Volume 13, Number 5 -- February 12, 2013

Got the Software Licensing Blues? You've Got Company

Published: February 12, 2013

by Alex Woodie

Companies are clamoring for new and flexible software licensing models, such as subscription-based licensing and usage-based licensing, to replace outdated models, according to a new survey from Flexera Software. For years, enterprises have been growing increasingly dissatisfied with traditional models, such as perpetual licensing with annual maintenance fees. The good news is enterprise software vendors are beginning to listen, and have started giving customers what they ask for.

You don't have to go far to find a dissatisfied consumer of enterprise software. In fact, there may be one in your shop right now (it may even be you!). Any IT manager who has ever been confounded by the terms of use of a software product, frustrated with a vendor's audits, or challenged to match actual use of a product to what he paid for, will understand this peculiar manner of corporate IT pain.

For the last eight years, Flexera Software has been tracking the level of licensing discomfort on both sides of software aisle with its annual Software Pricing and Licensing Survey. In the 2012 survey, nearly 25 percent of enterprise customers said they were either unsatisfied or very unsatisfied with their "price to value ratio," which basically measures whether customers feel they're getting their money's worth.

This "software value perception gap" has been growing over the years, particularly as enterprises get a taste of new licensing models, says Steve Schmidt, vice president of corporate development for Flexera. "And you have the producers saying they think that their strategies are ineffective or very ineffective," Schmidt tells IT Jungle. "Both parties are dissatisfied with where things stand today. It is a problem in the industry."

The dissatisfaction comes from several problems with the licensing status quo. For starters, just the lack of transparency into matching software usage with software licensing causes heartburn in IT managers. Whether or not the customer is overpaying for software they don't use, or underpaying for software they do use, the lack of visibility into the matter is a problem. Flexera has an obvious interest in this matter, because it sells software asset management tools that help customers match licensing and actual use.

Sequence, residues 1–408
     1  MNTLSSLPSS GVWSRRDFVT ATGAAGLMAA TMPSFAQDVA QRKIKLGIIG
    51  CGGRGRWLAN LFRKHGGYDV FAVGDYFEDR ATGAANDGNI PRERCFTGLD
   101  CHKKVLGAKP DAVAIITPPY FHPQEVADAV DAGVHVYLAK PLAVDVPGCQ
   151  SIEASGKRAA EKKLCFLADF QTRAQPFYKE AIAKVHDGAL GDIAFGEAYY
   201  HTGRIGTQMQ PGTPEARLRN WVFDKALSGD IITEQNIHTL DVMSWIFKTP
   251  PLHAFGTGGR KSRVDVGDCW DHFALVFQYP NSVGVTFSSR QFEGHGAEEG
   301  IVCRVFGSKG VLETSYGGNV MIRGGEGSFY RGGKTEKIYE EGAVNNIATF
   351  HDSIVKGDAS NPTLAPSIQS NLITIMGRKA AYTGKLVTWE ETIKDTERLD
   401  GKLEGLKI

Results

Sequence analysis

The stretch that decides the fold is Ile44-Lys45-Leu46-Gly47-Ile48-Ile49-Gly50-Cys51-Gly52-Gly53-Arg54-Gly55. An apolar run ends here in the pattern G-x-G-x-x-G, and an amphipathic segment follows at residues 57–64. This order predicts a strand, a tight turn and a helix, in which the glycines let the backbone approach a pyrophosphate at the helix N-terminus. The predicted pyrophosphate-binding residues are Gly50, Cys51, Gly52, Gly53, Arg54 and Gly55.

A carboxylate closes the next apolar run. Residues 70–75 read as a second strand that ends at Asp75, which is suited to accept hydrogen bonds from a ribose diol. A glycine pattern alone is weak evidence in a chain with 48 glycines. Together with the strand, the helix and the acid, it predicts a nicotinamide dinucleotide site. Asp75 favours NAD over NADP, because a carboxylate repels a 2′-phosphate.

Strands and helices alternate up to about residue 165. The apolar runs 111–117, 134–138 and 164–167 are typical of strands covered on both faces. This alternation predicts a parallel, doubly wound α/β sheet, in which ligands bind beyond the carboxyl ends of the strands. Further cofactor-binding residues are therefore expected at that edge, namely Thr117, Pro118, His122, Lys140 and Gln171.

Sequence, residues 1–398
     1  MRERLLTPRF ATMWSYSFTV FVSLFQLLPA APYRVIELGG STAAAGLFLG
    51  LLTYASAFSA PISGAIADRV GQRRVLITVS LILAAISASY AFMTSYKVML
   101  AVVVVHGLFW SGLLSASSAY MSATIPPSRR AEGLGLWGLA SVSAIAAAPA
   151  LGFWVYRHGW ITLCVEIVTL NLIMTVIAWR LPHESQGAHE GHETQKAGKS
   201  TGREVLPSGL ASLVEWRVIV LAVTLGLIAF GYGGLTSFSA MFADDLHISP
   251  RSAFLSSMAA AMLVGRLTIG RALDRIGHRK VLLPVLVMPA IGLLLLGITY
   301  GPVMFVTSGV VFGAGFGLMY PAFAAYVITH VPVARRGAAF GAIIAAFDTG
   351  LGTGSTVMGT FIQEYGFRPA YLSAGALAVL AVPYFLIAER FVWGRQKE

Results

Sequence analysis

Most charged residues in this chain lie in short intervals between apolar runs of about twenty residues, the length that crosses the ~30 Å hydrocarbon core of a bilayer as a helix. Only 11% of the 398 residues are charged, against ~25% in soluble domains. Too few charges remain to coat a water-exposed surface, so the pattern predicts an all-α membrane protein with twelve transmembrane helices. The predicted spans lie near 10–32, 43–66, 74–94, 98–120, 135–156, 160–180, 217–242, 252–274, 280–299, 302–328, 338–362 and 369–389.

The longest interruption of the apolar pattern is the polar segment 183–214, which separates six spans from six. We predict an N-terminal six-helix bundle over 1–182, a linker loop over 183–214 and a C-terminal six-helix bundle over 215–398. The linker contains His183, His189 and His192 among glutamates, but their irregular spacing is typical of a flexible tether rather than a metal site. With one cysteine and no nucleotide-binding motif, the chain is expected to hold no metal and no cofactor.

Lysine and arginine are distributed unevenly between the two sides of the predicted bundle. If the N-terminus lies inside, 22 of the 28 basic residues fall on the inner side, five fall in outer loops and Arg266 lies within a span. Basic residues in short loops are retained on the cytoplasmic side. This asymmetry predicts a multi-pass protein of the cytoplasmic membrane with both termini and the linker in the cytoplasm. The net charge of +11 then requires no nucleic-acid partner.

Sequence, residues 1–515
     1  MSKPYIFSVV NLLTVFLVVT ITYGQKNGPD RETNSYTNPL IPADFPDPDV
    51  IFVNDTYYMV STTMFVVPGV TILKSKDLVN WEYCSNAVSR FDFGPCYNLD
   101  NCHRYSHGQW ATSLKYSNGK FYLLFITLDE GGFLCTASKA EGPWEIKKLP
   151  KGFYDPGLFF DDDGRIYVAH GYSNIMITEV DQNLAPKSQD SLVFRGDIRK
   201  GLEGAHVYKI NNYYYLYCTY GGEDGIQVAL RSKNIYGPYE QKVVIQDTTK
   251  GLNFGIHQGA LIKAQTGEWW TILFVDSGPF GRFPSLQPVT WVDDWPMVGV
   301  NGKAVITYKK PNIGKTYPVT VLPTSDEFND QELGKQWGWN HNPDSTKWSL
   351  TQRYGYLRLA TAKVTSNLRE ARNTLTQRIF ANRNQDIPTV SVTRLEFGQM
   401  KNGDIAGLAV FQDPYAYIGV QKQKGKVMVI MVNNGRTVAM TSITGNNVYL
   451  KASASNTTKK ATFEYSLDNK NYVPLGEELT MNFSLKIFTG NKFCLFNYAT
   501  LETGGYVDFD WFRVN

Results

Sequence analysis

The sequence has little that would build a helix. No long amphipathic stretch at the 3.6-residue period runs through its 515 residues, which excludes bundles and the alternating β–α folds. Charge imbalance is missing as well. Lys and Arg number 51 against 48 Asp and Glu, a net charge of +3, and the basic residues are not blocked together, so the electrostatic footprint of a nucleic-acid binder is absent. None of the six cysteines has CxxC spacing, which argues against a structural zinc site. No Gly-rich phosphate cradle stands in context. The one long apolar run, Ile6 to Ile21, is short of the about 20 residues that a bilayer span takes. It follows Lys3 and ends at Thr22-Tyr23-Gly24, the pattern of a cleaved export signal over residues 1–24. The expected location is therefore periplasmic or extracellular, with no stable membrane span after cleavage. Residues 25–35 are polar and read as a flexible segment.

Beyond that, the sheer lack of flexibility in traditional software licensing models is a big concern. Enterprises have gotten a taste of the subscription-based licensing models that are used by SaaS and cloud-based firms, and they like it. That is forcing software companies to wake up and take notice of the changing times.

"We see that 42 percent of producers have reported changes in licensing and pricing strategies in last 18 to 24 months. We've also seen that 23 percent of them plan to offer usage-based licensing models in the next two years. That was up from 9 percent last year. So we do have data that shows that producers are interested in making changes to licensing models."

Schmidt notes that on-premise software vendors can adopt the subscription-based licensing models used by their more nimble SaaS and cloud brethren, even though they're delivering software the old fashioned way. "We've seen companies implement a subscription-based license model for software that's delivered on premise. That's done more and more frequently now," he says. "You can get the advantage and deliver the customer satisfaction of a subscription-based model without necessarily moving to software as a service."

In its survey, which is conducted with IDC, Flexera tracks dozens of different types of licenses, from concurrent-user to node-lock to device to named-user to token-based or site-based.

"I find it fascinating that the number of licensing models continues to grow," Schmidt says. "When we talk about the usage-based models, I think they will be incremental to the license models that already exist. And producers will end up offering all of the [different types] in the future, and we'll see even more variation--hence the need for a solution that enables the implementation of flexible licensing and also solutions for the enterprise that allow them to optimize their licenses for many different license models."


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Editor: Alex Woodie
Contributing Editors: Dan Burger, Timothy Prickett Morgan
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